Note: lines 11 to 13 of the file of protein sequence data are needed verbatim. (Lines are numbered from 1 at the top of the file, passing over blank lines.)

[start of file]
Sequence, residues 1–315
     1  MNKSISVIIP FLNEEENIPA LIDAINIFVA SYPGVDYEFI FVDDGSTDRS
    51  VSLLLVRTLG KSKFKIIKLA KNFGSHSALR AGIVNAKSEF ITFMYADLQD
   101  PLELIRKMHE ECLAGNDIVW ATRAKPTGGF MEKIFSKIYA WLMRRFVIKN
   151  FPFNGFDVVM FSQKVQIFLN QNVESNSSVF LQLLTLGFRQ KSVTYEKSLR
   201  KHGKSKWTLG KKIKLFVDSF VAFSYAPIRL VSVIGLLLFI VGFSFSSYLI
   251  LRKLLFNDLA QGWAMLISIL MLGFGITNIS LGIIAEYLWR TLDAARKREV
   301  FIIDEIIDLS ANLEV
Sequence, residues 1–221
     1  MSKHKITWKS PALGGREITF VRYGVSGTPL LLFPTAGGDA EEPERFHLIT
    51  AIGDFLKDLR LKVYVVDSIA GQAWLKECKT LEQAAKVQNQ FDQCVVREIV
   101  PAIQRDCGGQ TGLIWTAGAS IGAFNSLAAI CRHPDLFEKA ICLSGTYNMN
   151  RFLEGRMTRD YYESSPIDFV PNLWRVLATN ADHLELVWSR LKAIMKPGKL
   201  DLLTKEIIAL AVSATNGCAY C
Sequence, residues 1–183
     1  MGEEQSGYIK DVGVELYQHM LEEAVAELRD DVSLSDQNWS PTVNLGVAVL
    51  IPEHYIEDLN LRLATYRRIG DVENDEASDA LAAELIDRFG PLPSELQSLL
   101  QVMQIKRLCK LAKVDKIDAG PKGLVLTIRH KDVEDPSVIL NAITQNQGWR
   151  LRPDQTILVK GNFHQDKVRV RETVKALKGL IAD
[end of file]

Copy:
    51  AIGDFLKDLR LKVYVVDSIA GQAWLKECKT LEQAAKVQNQ FDQCVVREIV
   101  PAIQRDCGGQ TGLIWTAGAS IGAFNSLAAI CRHPDLFEKA ICLSGTYNMN
   151  RFLEGRMTRD YYESSPIDFV PNLWRVLATN ADHLELVWSR LKAIMKPGKL